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NPWRC - Biology Encyclopedia
Category: Animals and Nature > Glossary of avian terms
Date & country: 22/08/2008, US
Words: 235

Source population
a population that occupies habitat suitable for reproduction, in which the output of offspring results in a population that exceeds the carrying capacity of the local habitat, promoting dispersal (adapted from Wiens and Rotenberry 1980:531).

a species with narrow food preferences, habitat preferences, or both (after Ricklefs 1970:871) (see Generalist).

a group of actually or potentially interbreeding populations that are reproductively isolated from all other kinds of organisms (Ricklefs 1970:880).

Species diversity
see Diversity.

Species richness
the number of species in a given area (Ralph 1980:578).

Species-area relationship
a plot (often log-log) of the numbers of species of a particular taxon against area, such as islands or other biogeographic regions (Brown and Gibson 1980:570).

Spot-mapping method
a census procedure that plots on a map individuals seen or heard in a surveyed area. The survey is usually conducted over a period of days or weeks in a season, and individual territories or home ranges are then demarcated by examining the clusters of observations. Used in Breeding Bird Census (Ralph 1980:578) (syn. Territory-mapping).

Stable age distribution
the proportions of the population in different age classes when the rate of increase has converged to a constant (which depends on the fixed schedules of survival and fecundity). The ratios between the numbers in the age classes are constants (Caughley 1970:89).

(1) the area within which observations made from a point are recorded by the observer (or often synonymous with 'point,' see Point count method) (Ralph 1980:578); (2) a monitoring station is an area of usually less than about 50 ha where intensive censuses, nest searching, and/or mist netting are conducted (Ralph et al. in press).

Statistical bias
a difference between the expected value of an estimator and the population parameter being estimated (Gilbert 1980:12) (cf Measurement bias).

found in only one or a relatively small number of habitats (MacArthur and Wilson 1960:191).

implies the presence of a random variable (Marriott 1990:197).

any chemical, physical, or biological entity that can induce adverse effects on individuals, populations, communities, or ecosystems (Risk Assessment Forum 1990:1).

Strip transect method
a procedure using a strip of land, or water, of fixed direction that is sampled visually and/or aurally by an observer. Counts may be one of the following: fixed distance (width) counts limited to a strip of set width for all or specially chosen species; variable distance (width) counts, with different, species-specific widths that are determined to reflect detection attenuation; or unlimited dist...

a stage of succession along a sere prevented from progressing to the climatic climax (i.e., the steady-state community characteristic of a particular climate) by fire, grazing, and similar factors (Ricklefs 1970:880).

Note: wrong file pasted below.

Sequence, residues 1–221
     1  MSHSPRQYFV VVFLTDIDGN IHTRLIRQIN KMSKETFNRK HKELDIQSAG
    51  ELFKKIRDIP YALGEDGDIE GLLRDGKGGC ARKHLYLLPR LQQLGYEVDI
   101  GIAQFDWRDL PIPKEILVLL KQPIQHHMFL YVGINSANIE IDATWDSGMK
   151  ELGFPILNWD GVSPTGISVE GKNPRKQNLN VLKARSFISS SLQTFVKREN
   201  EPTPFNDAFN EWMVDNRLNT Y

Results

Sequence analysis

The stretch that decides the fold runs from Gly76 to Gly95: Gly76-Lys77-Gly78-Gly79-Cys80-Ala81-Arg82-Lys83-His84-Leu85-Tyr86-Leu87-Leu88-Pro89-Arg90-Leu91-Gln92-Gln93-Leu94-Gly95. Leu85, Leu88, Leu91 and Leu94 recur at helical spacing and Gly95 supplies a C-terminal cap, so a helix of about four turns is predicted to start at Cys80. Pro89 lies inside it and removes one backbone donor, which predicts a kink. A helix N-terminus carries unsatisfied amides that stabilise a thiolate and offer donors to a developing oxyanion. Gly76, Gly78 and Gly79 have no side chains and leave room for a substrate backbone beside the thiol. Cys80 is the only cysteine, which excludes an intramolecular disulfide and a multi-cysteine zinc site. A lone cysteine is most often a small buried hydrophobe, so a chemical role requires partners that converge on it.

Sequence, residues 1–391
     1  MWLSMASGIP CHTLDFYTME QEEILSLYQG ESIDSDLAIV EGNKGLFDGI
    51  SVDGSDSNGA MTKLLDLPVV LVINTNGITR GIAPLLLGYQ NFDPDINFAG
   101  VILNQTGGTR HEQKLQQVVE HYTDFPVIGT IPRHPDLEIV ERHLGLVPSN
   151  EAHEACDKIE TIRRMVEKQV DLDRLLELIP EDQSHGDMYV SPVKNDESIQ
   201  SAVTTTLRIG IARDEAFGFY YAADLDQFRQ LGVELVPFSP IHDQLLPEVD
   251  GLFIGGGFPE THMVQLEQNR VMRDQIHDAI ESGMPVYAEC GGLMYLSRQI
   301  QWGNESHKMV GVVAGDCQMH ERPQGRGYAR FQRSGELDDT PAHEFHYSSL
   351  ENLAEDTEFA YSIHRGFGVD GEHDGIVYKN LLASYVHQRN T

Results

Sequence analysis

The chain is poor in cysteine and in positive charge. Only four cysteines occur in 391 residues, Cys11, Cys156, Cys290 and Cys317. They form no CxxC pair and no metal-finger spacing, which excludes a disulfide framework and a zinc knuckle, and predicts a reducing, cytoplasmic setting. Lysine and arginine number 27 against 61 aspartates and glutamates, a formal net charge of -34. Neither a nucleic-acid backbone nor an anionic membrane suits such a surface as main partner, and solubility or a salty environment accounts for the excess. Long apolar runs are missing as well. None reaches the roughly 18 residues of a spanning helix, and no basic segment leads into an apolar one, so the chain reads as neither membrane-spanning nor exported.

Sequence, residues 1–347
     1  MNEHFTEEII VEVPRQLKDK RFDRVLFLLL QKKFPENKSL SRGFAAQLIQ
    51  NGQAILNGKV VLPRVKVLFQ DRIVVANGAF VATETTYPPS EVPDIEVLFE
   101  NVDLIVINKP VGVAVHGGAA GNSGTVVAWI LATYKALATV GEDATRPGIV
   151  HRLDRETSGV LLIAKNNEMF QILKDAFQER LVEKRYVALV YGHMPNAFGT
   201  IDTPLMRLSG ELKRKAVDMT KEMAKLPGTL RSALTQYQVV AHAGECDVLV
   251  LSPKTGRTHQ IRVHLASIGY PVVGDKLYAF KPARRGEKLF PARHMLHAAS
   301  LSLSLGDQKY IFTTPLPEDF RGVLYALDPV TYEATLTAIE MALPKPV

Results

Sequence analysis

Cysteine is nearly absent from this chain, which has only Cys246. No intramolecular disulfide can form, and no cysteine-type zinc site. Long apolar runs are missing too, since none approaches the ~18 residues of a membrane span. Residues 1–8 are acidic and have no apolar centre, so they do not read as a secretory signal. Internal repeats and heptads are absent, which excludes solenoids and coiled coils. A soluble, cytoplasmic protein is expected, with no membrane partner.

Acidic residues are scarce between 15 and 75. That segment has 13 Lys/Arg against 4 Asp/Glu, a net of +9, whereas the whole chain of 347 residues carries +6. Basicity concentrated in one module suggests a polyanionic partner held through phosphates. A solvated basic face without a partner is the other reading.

subpopulations within a species that are distinguishable by morphological characteristics and, sometimes, by physiological or behavioral characteristics (Ricklefs 1970:880) (syn. race).

replacement of populations in a habitat through a regular progression to a stable state (climax) (Ricklefs 1970:880).

an enumeration or index of the number of individuals in an area from which inferences about the population can be made (Ralph 1980:578) (cf Census, Count).

the proportion of newborn individuals alive at a given age (Ricklefs 1970:880).

occurring in the same place, usually referring to areas of overlap in species distributions (Ricklefs 1970:880).

pertaining to populations or species that occupy the same macrohabitat (Lincoln et al. 1980:242).

any area defended by one or more individuals against intrusion by others of the same or different species (Ricklefs 1970:881) (cf Home range).

see Spot-mapping method.

Third-year bird
a bird in its third calendar year of life (Pyle et al. 1980:27).

a cross section of an area along which the observer moves in a given direction (Ralph 1980:578) (see Line transect, Point transect, Strip transect method).

pertaining to food or nutrition (Ricklefs 1970:881).

Trophic level
the position in the food chain determined by the number of energy-transfer steps to that level (Ricklefs 1970:881).

Trophic structure
organization of the community based on feeding relationships of populations (Ricklefs 1970:881).

the process of local extinction (e.g., on islands) of some species and their replacement by other species. The turnover rate is the number of species eliminated and replaced per unit time (MacArthur and Wilson 1960:191).

Ultimate factors
aspects of the environment that are directly important to the well-being of an organism (for example, food) (Ricklefs 1970:881). Ultimate factors are concerned with fitness (Lack 1950:5) (cf Proximate factors).

Variable circular plot
see Point count method.

Variable-distance method
see Strip transect method, Point count method.

a statistical measure of the dispersion of a set of values about its mean (Ricklefs 1970:881).

Winter Bird Population Study (U.S.)
a program of the National Audubon Society involving census of wintering birds by counting and mapping, but not depending on persisting occupation of territories or home ranges (Ralph 1980:578) (cf Breeding Bird Census).

referring to habitats in which plant production is limited by lack of water (Ricklefs 1970:882).